Creating positive and valuable change through innovation
Tuesday, 14th May 2019 at 8:48 am
Staying true to your purpose and mission remains at the heart of any innovation effort, writes Janet Sernack and Gabrielle Martinovich from ImagineNation, in the first of a four-part series about rejuvenating to survive and thrive for social benefit.
Operating in an increasingly complex, fast moving and constantly evolving environment is disrupting and challenging our “business as usual” ways of working. To survive and thrive in playing fields of the future, organisations need to know how to adapt and innovate.
One of the key critical success factors is to stay true to your purpose, mission and values, whilst bravely and boldly embracing a strategic, human centred and systemic approach to innovation.
Doing this enables your organisation to meet its goals and desired business outcomes, as well as create positive and valuable changes that result in social, fiscal and community benefits that meet the needs and wants of your community, customers and clients.
According to recent Commonwealth Bank research on levels of business innovation activity in the Australian NFP sector, 70 per cent are improving and a further 25 per cent are “innovation active” when assessed against the international guidelines used by the OECD.
Similarly, Fundraising & Philanthropy shows the sector is taking a leading role when it comes to adopting innovation with around 40 per cent of NFPs implementing large-scale innovations compared with 55 per cent actively improving their organisations on a smaller scale.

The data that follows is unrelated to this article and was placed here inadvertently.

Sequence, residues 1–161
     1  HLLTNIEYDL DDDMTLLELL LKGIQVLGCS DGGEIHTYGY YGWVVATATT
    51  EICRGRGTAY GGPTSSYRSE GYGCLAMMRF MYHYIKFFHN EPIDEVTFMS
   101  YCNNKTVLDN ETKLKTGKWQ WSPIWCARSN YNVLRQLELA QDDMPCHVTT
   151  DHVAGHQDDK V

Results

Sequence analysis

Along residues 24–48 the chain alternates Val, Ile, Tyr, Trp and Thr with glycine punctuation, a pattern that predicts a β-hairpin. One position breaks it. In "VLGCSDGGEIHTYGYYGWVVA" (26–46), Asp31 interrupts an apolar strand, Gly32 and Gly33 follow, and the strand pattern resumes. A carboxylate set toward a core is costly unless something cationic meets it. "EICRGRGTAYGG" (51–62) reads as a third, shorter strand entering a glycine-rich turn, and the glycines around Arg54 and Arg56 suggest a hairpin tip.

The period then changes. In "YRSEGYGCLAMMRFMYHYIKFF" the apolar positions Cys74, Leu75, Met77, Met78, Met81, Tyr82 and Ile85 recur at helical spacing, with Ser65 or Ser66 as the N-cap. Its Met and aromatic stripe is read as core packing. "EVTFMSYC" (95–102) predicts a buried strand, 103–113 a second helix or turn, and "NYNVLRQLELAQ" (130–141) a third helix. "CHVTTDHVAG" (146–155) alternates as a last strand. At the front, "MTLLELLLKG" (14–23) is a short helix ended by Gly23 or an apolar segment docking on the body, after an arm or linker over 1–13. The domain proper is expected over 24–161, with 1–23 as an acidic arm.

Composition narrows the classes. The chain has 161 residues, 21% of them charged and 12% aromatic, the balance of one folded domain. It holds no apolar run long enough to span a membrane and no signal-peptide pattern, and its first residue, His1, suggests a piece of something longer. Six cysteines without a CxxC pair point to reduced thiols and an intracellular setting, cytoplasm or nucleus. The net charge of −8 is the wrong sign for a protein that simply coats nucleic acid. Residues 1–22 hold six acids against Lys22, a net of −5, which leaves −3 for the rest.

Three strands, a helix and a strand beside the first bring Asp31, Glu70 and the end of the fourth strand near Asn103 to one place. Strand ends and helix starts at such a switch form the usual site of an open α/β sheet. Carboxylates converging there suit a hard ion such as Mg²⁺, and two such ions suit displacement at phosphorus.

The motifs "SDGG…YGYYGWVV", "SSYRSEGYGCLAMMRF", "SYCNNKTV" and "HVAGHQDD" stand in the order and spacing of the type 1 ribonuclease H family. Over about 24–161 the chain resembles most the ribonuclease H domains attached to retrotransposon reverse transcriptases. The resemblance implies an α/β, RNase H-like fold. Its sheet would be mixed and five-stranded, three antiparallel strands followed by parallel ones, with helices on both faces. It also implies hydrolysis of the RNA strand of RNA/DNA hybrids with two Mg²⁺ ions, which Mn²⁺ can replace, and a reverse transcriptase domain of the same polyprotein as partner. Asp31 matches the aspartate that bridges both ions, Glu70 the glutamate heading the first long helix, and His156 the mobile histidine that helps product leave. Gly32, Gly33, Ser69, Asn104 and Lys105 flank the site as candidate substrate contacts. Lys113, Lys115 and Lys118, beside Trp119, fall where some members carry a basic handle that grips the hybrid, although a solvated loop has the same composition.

Although this preparedness for innovation is ahead of any other Australian industry, NFPs still need to find new and significant ways to boost efficiency and productivity in order to improve community outcomes and to be truly innovation active.
Reframing challenges as opportunities to innovate
In this series of four monthly blogs, by ImagineNation™, we will outline how to rejuvenate to survive and thrive for social benefit through innovation. We will describe why innovation is the key critical success factor to enable NFPs to survive and thrive in the future, as well as what to do to initiate a change-led innovation strategy and some suggestions on getting started on the implementation.
Rejuvenate to thrive
To thrive means identifying the key barriers and inhibitors to change, as well as letting go of old paradigms and ways of thinking to fast track your organisation on the innovation and rejuvenation journey.
As largely people-focused organisations, the first step involves unlocking the potential of your people and your clients. Doing this enables your organisation to:
- develop new business models that reduce dependence on grants, funding and donations;
- work more strategically with philanthropic efforts to co-create ecosystem solutions;
- be curious and imaginative in finding creative and better ways of doing things;
- develop critical digital dexterity to build your capability in extending your reach to build stronger communities;
- find new ways to deliver outcomes for your clients and your triple bottom line (people, profit and planet); and